Professor J. Owen
Lewis, CE, SEAI
 
Dublin, Ireland --- (METERING.COM) --- January 4, 2012 - A smart grid in Ireland could see an accumulated reduction in energy related CO2 emissions of 250 million tonnes by 2050, with 8 million tonnes per annum derived directly from the implementation of smart grid and the balance from the displacement of fossil fuels due to the electrification of transport and thermal loads facilitated by the smart grid, according to a new smart grid roadmap from the Sustainable Energy Authority of Ireland (SEAI).

Further, the greater integration of indigenous renewable energy sources could see a net reduction in energy imports in excess of 4.3Mtoe, equating to savings of €3.8-7.5 billion in direct fuel offset by 2050.

The Smart Grid Roadmap is aimed to explore how a smart grid can be operational in Ireland by 2050 and examine the contribution this would make to the decarbonization of the electricity supply.

It identifies six key steps to achieve a smart grid scenario resulting in 13.4 million tonnes of CO2 emission reduction by 2050, along with the policy framework, infrastructure, technology and research and customer engagement requirements. These steps are:

  • Peak and load shifting and demand side management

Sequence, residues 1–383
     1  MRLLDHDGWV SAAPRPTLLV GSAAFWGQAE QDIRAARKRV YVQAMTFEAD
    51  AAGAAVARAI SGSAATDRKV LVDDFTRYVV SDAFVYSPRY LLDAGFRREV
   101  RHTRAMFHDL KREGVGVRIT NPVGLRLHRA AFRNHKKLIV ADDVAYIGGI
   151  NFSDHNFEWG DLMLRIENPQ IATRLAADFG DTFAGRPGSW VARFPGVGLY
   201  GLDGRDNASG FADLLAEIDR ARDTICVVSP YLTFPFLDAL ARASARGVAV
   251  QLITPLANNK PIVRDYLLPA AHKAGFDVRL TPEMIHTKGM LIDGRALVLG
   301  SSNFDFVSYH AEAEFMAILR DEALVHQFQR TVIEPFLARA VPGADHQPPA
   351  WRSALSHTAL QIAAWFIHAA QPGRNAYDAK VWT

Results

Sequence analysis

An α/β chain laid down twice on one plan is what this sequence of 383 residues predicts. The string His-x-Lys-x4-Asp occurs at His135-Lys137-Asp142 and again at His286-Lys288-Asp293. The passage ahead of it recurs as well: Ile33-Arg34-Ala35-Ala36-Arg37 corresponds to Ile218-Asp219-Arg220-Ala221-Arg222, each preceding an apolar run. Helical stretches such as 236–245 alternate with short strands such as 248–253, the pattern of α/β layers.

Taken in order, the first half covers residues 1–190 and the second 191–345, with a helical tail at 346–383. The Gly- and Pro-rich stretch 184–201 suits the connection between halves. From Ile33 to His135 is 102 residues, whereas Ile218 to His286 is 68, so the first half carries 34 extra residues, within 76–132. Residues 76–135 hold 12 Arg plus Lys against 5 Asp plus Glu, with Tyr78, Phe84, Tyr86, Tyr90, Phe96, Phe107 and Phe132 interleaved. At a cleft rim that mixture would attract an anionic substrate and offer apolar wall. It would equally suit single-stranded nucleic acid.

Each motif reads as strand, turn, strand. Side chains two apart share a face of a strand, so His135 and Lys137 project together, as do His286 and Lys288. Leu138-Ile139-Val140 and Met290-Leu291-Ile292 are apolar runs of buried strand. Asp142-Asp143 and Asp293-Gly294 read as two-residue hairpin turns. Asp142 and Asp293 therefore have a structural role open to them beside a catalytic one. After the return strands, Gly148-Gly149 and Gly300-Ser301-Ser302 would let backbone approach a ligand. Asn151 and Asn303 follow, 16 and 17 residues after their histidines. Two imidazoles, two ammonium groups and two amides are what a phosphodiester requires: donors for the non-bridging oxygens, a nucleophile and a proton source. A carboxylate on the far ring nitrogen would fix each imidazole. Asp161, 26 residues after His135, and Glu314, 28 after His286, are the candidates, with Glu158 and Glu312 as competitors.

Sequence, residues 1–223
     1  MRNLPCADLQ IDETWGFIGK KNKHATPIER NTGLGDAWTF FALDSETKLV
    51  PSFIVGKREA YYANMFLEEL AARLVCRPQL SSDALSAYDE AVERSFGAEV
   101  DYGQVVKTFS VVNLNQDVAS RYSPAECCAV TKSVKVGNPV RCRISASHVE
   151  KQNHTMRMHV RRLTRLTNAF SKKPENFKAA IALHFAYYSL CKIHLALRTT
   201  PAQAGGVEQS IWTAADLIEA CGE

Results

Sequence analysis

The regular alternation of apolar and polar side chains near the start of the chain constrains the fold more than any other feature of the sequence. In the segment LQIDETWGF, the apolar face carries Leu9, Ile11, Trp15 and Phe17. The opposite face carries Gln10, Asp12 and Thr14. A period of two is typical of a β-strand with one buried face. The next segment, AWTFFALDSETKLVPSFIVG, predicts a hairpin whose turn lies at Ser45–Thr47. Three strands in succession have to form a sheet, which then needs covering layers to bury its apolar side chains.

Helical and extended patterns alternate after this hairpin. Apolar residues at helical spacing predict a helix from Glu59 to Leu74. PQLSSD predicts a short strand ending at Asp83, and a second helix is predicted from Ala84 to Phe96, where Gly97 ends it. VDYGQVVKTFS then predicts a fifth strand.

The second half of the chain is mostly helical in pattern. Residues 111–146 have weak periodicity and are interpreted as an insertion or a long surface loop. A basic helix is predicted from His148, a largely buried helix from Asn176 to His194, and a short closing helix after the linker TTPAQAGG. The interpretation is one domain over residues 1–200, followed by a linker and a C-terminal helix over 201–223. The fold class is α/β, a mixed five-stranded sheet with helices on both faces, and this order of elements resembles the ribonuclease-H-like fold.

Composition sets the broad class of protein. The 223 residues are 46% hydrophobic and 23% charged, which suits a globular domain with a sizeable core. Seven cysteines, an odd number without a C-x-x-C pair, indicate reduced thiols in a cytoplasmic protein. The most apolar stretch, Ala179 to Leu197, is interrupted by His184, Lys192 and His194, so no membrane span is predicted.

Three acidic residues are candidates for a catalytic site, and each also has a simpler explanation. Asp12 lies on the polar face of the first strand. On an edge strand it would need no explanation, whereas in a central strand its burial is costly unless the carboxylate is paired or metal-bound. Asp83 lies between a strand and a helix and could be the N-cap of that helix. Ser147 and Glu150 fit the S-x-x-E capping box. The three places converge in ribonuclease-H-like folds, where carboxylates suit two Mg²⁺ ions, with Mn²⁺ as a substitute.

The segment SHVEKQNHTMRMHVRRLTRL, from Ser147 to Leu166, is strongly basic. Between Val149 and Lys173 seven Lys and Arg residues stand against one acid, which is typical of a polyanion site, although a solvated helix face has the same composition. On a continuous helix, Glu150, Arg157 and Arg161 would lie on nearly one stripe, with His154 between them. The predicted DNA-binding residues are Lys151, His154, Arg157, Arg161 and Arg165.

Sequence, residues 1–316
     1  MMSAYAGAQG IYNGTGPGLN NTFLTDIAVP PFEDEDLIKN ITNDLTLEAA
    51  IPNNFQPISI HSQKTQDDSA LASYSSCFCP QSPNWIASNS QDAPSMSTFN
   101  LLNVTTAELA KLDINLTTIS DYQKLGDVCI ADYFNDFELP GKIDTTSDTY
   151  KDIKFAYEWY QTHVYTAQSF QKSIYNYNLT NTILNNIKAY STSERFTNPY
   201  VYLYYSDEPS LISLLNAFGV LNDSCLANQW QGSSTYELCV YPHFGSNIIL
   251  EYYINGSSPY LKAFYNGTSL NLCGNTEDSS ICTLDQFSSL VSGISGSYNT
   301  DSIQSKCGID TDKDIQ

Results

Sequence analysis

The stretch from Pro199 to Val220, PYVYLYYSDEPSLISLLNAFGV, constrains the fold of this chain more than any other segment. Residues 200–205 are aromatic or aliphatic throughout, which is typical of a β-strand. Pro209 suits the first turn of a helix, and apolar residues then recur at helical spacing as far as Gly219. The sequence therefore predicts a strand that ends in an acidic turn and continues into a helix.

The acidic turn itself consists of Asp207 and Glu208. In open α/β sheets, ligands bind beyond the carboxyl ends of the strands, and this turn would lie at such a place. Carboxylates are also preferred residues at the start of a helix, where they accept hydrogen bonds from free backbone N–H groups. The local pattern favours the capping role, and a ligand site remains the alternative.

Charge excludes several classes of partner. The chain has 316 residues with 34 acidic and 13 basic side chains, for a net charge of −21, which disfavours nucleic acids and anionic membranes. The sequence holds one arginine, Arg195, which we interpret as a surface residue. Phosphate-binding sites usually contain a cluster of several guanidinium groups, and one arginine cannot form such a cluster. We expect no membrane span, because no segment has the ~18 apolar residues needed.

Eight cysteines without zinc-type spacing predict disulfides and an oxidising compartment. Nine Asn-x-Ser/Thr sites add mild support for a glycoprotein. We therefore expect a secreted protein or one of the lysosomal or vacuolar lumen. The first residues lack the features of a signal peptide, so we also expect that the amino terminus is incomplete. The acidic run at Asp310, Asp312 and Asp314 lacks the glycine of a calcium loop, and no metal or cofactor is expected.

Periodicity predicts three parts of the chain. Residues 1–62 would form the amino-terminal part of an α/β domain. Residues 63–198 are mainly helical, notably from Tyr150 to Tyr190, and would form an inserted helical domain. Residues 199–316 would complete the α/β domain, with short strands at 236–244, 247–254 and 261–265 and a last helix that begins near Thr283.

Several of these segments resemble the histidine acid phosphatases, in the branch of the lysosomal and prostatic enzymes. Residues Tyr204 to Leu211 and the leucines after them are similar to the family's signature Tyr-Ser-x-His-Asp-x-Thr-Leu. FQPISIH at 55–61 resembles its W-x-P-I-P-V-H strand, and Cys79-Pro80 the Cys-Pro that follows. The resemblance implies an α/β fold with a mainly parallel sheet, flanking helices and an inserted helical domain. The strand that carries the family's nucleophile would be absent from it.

• Reduced line losses, infrastructure improvements, and volt/var management
  • Integration of renewables
  • Electrification of transport
  • Electrification of heating, cooling, and hot water
  • Electrification of industrial heating/cooling loads.

Other findings are that Ireland’s overall annual electrical final energy demand would be in excess of 48,000 GWh by 2050, with onshore wind generation able to supply up to 33,000 GWh of this, and that the implementation of smart grid infrastructure and its associated technologies could create more than 10,000 Irish jobs.

The Smart Grid Roadmap was developed in conjunction with roadmaps for wind energy and electric vehicles. Key findings from these are that by 2050, Irish wind energy could contribute 2.5 percent to EU electricity demand and offset up to €10 billion of fossil fuel requirement, and that there could be 1.8 million electric vehicles on Irish roads reducing transport fossil fuel imports by 50 percent.

“The Roadmaps show a great many benefits, including reduced energy imports leading to increased security of supply, increased use of renewables leading to lower CO2 emissions and significant employment and economic opportunities,” said Professor J. Owen Lewis, chief executive of SEAI. “Importantly, the Roadmaps assist in informing the necessary decisions and actions about our long term ambition for sustainable energy in Ireland.”

The SEAI is Ireland’s national energy authority.